Environmental, social and governance (ESG) issues have gained a great deal of popularity. For human resources (HR) management, the question arises as to what role HR can or must play in this context and what contribution practical HR work, and the managers responsible for it, can make to achieve strategic ESG goals within a corporate organisation.

This article, part of a series on ESG requirements for HR managers,1 outlines the best approach for successful ESG-oriented HR management in Germany.

Sustainability in remuneration and occupational pension systems

Since the Act Implementing the Second Shareholder Rights Directive and the associated amendment to section 87(1)(2) and (3) of the Stock Corporation Act came into force on 1 January 2020, the remuneration structure for management board members of listed companies must be aligned with the "sustainable and long-term" development of the company. Sustainability requirements also play an essential role in remuneration systems subject to the Regulation on the Supervisory Requirements for Institutions' Remuneration Systems.

According to proposals issued by the European Financial Reporting Advisory Group (EFRAG), information is to be provided in particular on:

  • the evaluation of management and supervisory bodies; and
  • the criteria for variable remuneration.

However, in view of the increased importance of social sustainability, companies are also focusing on setting sustainability targets in remuneration outside the areas already covered by regulations. Of particular relevance here is the principle of equal pay for equal work or work of equal value, irrespective of gender. An obligation in this regard already exists due to the German Pay Transparency Act and the General Equal Treatment Act (AGG). While the existing regulations have largely affected the individual relationship between employer and employee, the new non-financial reporting requirements will ensure that any violations are made transparent.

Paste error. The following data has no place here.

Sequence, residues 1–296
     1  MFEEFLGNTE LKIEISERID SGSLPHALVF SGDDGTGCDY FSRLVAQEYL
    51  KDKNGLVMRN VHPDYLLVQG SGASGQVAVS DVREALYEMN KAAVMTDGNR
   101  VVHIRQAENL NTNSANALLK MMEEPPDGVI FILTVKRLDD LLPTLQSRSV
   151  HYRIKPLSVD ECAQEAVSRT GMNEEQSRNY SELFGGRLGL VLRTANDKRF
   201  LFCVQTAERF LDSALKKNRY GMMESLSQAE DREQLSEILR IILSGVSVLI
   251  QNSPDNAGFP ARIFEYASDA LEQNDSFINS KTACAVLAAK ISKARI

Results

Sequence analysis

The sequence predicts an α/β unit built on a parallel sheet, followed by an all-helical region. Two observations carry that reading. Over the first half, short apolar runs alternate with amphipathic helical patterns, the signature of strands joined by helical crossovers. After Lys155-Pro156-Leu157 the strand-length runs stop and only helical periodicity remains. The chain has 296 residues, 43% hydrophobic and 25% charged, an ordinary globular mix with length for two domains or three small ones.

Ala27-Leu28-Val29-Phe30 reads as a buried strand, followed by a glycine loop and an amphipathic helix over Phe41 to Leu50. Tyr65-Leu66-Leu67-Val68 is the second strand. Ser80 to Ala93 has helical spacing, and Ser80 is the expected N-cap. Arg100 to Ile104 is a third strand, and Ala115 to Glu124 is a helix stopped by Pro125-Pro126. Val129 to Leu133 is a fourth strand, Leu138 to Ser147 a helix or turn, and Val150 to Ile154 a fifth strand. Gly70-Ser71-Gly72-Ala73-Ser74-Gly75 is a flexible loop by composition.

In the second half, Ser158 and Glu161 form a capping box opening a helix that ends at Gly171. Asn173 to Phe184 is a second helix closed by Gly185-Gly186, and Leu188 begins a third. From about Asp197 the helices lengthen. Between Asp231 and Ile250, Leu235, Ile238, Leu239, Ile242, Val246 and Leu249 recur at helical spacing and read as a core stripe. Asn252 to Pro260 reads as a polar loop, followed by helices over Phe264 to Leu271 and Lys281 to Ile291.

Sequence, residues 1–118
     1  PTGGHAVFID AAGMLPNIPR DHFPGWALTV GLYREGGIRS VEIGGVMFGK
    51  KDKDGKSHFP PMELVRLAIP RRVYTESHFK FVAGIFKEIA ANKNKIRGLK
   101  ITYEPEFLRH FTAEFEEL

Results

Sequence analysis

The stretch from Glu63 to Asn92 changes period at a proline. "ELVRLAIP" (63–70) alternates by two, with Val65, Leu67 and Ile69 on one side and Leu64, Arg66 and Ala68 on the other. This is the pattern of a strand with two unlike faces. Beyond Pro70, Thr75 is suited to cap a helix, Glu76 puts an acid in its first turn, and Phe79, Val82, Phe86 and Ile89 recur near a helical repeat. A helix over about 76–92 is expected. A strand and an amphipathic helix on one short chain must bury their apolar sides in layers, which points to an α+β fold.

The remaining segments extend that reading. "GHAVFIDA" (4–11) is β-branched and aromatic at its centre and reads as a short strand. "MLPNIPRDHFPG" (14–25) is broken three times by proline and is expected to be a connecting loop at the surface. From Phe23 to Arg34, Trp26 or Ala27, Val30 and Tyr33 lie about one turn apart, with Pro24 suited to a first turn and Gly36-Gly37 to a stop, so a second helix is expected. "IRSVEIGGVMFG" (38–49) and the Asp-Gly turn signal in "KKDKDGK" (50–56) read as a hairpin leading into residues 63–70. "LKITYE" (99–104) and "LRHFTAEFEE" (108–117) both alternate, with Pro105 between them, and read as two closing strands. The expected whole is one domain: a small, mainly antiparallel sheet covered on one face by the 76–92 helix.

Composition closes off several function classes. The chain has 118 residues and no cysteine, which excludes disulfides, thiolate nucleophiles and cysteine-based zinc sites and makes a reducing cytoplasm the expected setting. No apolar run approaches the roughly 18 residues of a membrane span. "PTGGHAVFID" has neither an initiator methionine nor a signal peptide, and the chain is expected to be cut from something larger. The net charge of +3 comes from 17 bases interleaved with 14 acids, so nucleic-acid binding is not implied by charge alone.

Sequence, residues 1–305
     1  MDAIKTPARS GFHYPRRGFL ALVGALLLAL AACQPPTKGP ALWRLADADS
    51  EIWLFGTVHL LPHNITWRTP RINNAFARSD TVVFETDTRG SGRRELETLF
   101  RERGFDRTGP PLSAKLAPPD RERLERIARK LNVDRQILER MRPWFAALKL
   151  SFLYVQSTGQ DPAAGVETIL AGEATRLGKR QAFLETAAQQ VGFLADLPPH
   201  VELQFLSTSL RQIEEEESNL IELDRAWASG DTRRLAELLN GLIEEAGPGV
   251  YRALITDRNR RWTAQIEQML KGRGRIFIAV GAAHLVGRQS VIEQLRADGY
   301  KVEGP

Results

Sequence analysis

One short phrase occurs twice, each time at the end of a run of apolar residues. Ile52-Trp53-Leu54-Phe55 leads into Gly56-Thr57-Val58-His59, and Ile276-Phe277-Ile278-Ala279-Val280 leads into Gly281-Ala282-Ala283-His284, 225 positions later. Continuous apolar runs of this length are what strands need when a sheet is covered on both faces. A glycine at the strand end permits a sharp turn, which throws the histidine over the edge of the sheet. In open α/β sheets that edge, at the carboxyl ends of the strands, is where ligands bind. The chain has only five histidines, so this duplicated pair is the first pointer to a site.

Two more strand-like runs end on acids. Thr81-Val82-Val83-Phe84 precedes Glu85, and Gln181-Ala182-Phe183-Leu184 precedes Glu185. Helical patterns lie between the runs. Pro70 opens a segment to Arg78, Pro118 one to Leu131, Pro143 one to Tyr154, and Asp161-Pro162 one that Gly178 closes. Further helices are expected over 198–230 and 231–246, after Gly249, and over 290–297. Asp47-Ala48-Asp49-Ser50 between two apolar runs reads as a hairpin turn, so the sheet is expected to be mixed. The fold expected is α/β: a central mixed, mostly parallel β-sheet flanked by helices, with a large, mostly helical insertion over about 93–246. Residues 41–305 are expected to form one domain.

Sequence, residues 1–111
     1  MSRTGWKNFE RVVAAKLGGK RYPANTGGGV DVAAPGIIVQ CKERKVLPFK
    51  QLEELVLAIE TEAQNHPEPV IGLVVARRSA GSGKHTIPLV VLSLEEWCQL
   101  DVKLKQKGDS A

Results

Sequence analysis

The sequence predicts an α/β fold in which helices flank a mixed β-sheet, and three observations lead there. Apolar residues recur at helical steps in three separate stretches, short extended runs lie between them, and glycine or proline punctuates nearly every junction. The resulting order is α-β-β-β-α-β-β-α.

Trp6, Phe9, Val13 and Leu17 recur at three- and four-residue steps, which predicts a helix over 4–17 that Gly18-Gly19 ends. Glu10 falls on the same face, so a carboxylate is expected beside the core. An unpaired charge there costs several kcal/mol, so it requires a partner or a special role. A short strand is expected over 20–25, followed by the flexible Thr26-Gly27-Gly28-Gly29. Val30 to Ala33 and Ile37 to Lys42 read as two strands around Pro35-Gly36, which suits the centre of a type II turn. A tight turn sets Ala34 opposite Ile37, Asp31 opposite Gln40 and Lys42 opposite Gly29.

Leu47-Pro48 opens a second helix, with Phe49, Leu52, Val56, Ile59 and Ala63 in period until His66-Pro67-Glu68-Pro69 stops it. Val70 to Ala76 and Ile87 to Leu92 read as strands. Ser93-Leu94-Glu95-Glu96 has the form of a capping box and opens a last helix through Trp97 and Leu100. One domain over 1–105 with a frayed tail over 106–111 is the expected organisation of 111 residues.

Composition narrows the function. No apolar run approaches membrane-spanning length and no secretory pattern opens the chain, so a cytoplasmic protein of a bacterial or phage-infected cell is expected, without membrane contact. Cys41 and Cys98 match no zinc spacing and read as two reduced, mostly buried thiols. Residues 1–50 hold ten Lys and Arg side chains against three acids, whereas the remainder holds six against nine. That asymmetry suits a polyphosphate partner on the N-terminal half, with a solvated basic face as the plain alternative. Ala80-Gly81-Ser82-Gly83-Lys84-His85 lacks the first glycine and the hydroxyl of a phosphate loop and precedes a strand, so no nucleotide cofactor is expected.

Works councils must be involved in matters relating to company wage arrangements, including the design of company pension schemes (section 87(1)(10) of the Works Constitution Act (BetrVG)).

Occupational health and safety

Occupational health and safety is among the most fundamental areas in which companies must ensure sustainability. It is not only a matter of recognising and avoiding dangers to life and limb that arise directly from the occupation, but also of promoting health. An important part of occupational health and safety is federal legislation on working hours, which covers, among other things:

  • compliance with maximum working hours;
  • the granting of minimum breaks and rest periods; and
  • restrictions on night work, and work on Sundays and public holidays.

In Germany, a very high standard already exists in the form of federal occupational health and safety law and the autonomous occupational health and safety law of the statutory accident insurance, compliance with which and monitoring of which are deeply embedded in companies, implemented by various legally mandated officers and also monitored by the authorities.

Works councils have extensive information and monitoring rights in matters relating to occupational health and safety. In addition, there is a mandatory right of co-determination in the introduction and application of regulations on the prevention of accidents at work and occupational diseases as well as in health protection within the framework of statutory regulations and accident prevention regulations (section 87(1)(7) of the BetrVG).

Anti-discrimination, diversity and inclusion

Today, sustainable corporate policies must no longer be limited to the mere prohibition of discrimination on the basis of gender, race, ethnic origin, nationality, religion or ideology, disability, age or sexual orientation. On the contrary, measures must be taken that are positively oriented towards the promotion and equal participation of minorities.

In addition to the provisions of the AGG, German law already contains far-reaching regulations for the protection and promotion of severely disabled persons and others of equal status. Discrimination against certain groups in hiring, training or promotion can lead to a shortage of qualified employees for companies and can significantly damage their reputation. As a result, qualified and skilled employees may turn to other companies. Due to the external perception, it can then become increasingly difficult for affected companies to find qualified employees.

On the other hand, a corporate policy that is sustainably designed to promote equality and minorities can have a positive effect on the qualification and retention of employees and strengthen the company's reputation. Alongside hiring and promotion opportunities, equal participation naturally also refers to equal treatment in matters of remuneration and other working conditions, as well as access to social security systems.

Works councils regularly have a right to information and monitoring with regard to the employer's compliance with the prohibition of discrimination. In addition, there are mandatory rights of participation in the introduction and application of personnel selection guidelines and in connection with individual personnel measures (eg, sections 95 and 99 of the BetrVG).